Badass toddlers can thrive when parents chill.
Baby’s first machete!
A new docuseries on Apple TV+ chronicles the development stages of young ones around the world, covering milestones such as walking, talking and, yes, wielding a massive machete to crack a coconut.
“Becoming You,” narrated by Oscar-winning “The Crown” star Olivia Colman, spotlights the upbringing of 100 children in regions from the American South to the remote corners of Mongolia. The snapshots show how a person’s first 2,000 days of existence have a lifelong impact.
The show, premiering Friday, kicks off with a 3-year-old boy running an errand in Tokyo completely unsupervised. While the image alone would make any American helicopter parent cringe, the series demonstrates that on a whole, the first few years of a kid’s life are fairly uniform across cultures, childhood-development expert Nathalia Gjersoe, Ph.D., who consulted on “Becoming You,” told The Post.
The main differences involve parenting styles, not the children themselves. Many cultures are far less protective of their young — and yet their kids turn out just fine.
“Perhaps we should [do] a little less [of] wrapping our children up in cotton balls and assuming they can’t do things, or not wanting them to do [something] because we perceive it might be dangerous,” executive producer Hamo Forsyth told The Post.
Each episode focuses on a different theme, such as how children develop emotions, movement or friendships.
Here’s a look at some of the most striking child-rearing methods featured in the docuseries.
A harrowing errand
“Becoming You” opens with a Tokyo father asking his 3-year-old son Ru Ru to go out and buy food (conveyed to the audience via subtitles and narration). He poses this request nonchalantly, as though he’s asking a 16-year-old instead of a toddler. The viewer initially thinks the camera angle might be deceptive — surely he’s asking a teenage sibling. But little Ru Ru sets off into the big city all by himself, crossing busy streets alongside bustling adults.
“I think that will have [viewers] hiding behind the settee and looking through their fingers at what they’re witnessing,” Forsyth told The Post of the sequence.
As Ru Ru’s journey is shown on-screen, Colman’s voiceover explains, “Here, it’s a custom known as the ‘first errand.’ It’s a child’s introduction to real independence.”
Experiences such as this help establish a child’s sense of autonomy, Forsyth said.
“You can see the children getting so much out of that opportunity to be themselves or to help,” Forsyth said. “I really learned that children are capable of much more than I think we believe.”
As Gjersoe told The Post, Ru Ru isn’t more advanced than a kid from any other culture where this action would shock a parent. The level of cognitive development required for the task is present in every toddler.
“As a parent, it’s so surprising that a child can have that much confidence and resilience to go off and do that,” she said. But viewers are able to see “that developmental process repeating again, regardless of the upbringing of some of the children.”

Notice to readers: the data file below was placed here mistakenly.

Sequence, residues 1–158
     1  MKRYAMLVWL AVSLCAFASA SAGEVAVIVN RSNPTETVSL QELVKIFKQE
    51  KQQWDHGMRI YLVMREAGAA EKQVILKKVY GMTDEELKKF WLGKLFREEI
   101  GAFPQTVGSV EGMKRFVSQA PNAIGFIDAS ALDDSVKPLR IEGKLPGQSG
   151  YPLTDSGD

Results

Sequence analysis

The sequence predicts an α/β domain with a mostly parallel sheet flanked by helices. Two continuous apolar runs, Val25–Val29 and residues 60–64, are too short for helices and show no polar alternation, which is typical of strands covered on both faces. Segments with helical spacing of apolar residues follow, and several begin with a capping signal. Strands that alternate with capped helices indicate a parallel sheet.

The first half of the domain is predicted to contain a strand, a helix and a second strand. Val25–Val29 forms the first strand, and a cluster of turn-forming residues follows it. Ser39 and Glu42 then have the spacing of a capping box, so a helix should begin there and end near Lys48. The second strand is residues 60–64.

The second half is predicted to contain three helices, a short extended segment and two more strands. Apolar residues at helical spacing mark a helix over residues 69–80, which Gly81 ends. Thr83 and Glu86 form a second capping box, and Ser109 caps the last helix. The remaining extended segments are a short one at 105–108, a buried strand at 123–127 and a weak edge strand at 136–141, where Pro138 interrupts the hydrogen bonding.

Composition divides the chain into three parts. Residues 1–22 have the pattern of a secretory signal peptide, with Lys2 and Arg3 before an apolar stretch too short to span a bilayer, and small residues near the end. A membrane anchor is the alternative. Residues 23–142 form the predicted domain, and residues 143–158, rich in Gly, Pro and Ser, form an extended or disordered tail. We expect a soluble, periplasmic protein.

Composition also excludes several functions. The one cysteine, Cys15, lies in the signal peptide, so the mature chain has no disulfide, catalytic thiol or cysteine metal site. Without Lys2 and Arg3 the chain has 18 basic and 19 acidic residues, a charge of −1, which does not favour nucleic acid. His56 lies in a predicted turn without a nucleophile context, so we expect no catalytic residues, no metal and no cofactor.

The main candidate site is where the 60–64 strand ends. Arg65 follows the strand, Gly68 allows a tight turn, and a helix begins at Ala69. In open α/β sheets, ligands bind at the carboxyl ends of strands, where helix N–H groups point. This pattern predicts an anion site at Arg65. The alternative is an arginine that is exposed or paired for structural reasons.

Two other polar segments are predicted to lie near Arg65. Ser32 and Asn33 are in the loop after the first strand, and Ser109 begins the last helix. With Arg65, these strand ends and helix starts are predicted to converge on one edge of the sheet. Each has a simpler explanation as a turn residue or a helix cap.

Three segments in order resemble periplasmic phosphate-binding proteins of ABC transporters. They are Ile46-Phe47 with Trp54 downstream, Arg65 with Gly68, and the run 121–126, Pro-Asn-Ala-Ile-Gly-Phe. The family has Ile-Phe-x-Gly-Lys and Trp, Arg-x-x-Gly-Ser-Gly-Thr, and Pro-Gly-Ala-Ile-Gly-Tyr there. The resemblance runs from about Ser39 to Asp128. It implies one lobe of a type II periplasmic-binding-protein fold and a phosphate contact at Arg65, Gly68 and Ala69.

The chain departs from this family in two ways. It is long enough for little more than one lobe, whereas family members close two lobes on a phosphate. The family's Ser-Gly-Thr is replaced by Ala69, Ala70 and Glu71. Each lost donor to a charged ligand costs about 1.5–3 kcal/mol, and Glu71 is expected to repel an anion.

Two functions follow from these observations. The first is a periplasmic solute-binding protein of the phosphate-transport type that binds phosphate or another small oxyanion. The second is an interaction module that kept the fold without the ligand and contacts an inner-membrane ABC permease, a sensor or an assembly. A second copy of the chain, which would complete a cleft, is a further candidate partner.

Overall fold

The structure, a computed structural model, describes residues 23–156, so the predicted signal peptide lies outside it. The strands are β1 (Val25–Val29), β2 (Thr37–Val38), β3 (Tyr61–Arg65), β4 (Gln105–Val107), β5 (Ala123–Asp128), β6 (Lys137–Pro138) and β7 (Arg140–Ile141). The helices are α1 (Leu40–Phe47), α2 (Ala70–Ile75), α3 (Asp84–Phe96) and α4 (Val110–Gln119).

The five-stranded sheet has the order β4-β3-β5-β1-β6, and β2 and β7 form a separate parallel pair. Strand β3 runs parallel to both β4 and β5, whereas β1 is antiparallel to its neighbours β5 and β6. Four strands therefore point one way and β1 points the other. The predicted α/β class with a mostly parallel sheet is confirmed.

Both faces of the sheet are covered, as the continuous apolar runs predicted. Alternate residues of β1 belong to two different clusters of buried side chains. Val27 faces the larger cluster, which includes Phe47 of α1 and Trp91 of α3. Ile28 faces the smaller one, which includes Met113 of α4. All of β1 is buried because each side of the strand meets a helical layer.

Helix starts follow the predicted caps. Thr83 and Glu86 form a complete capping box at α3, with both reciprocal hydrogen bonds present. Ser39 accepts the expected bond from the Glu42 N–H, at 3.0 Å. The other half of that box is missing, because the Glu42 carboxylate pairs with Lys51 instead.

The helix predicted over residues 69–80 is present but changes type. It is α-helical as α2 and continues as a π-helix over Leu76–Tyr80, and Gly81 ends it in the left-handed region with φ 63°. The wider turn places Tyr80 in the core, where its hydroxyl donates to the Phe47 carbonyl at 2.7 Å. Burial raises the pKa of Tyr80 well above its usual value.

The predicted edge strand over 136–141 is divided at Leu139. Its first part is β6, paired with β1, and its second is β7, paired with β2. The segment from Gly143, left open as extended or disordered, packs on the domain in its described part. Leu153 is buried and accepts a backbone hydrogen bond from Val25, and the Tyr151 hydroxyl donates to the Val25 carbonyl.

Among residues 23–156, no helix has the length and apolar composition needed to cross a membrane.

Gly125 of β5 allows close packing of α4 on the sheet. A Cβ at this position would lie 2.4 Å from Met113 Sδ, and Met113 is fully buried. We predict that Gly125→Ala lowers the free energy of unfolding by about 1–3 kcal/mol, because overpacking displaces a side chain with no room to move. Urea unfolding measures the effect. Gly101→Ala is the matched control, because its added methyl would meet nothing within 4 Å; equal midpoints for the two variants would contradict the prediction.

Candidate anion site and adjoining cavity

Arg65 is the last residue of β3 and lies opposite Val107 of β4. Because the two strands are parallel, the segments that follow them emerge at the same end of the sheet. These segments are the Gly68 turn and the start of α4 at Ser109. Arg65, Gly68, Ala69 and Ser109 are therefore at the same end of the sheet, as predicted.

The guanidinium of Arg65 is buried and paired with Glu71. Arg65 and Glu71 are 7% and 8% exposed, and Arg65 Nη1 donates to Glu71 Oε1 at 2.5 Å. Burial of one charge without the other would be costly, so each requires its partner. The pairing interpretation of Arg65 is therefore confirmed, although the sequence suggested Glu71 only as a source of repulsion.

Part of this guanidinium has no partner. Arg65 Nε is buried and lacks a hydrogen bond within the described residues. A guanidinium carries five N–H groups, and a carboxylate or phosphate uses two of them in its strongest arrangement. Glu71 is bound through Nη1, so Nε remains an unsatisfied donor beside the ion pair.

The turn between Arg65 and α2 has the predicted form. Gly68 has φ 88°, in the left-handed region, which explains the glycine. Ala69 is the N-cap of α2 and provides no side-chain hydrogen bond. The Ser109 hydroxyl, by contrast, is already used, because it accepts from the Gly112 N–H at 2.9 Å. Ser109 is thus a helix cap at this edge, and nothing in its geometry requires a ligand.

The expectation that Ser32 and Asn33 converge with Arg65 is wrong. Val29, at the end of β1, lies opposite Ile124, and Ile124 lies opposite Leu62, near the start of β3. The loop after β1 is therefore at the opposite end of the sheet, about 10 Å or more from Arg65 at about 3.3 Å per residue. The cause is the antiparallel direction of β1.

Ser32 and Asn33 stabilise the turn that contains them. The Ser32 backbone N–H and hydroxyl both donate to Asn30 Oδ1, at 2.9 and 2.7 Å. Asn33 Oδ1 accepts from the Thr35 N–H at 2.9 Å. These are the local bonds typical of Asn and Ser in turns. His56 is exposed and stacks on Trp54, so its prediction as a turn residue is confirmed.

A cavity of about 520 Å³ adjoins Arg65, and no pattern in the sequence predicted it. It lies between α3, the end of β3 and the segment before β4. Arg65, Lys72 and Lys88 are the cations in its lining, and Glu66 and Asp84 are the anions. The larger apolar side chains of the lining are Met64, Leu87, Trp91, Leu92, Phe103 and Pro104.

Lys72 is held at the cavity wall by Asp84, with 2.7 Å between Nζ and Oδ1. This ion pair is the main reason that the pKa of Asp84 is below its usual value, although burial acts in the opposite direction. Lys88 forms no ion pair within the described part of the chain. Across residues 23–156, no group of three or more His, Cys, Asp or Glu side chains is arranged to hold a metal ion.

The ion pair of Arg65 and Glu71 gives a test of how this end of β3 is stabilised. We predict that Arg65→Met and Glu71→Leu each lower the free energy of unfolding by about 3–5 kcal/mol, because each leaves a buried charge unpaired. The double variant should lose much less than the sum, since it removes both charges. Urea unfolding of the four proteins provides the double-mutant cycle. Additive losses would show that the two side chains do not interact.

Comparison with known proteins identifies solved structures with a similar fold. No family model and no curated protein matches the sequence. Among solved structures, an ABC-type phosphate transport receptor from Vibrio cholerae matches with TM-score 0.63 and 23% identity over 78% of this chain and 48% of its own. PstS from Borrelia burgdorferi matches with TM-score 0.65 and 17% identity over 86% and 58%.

A forged friendship
Another sequence that will raise the eyebrows of Americans involves a 4-year-old girl named Emme who lives with a nomadic people in Ulaan Taiga, Mongolia.
“Becoming You” describes the location as one of the most “inhospitable places on Earth,” with frigid temperatures and barren stretches of wilderness.
On-screen, while Emme’s family builds their tent settlement for the night, her parents ask her to go collect snow in a bucket to melt for cooking purposes. The problem? The fresh snow to use is not nearby, and Emme must venture off into the cold wilderness to gather it.
She asks another little girl to join her, in one of the documentary’s examples of how kids make friends. The event is significant because for the first time in her life, she’s asking somebody outside of her family for help, Colman says in the narration.
“She’s figured out that with another person, she can achieve more than she can alone.”
A snack with help from a machete
In the episode showcasing how children develop critical thinking, one sequence visits a Bajau village — a cluster of houses on stilts in the sea off the coast of Borneo, in Southeast Asia. As Colman’s narration explains, this is a community that depends on the ocean for food and livelihood, and everyone is asked to chip in, no matter how old they are. Children are shown helming rowboats and wielding fishing knives.
The camera zooms in on 3-year-old Pilo, who’s rowing a small wooden boat all alone. Spotting a floating coconut, he leaps overboard to grab it.
“For most parents, a 3-year-old diving alone into the sea is the stuff of nightmares,” Colman says via narration.
The toddler is later shown trying to open the coconut using various methods such as throwing it on the sand. Finally, he finds a machete and gets the job done, expertly handling the sharp weapon.
“As one idea fails, he thinks up a new one,” Colman narrates. “Working through a problem in this way gives a child a huge rush of satisfaction.”
Forsyth says the scene illustrates how “Becoming You” aims to open the eyes of American audiences.
“Having seen some of these communities in far-flung places where they allow and expect the children to do more than they typically do, my initial reaction was, ‘I can’t believe that happens!,’ ” he said. “But then you watch them do it, and you think, ‘Of course they can do that.’ ”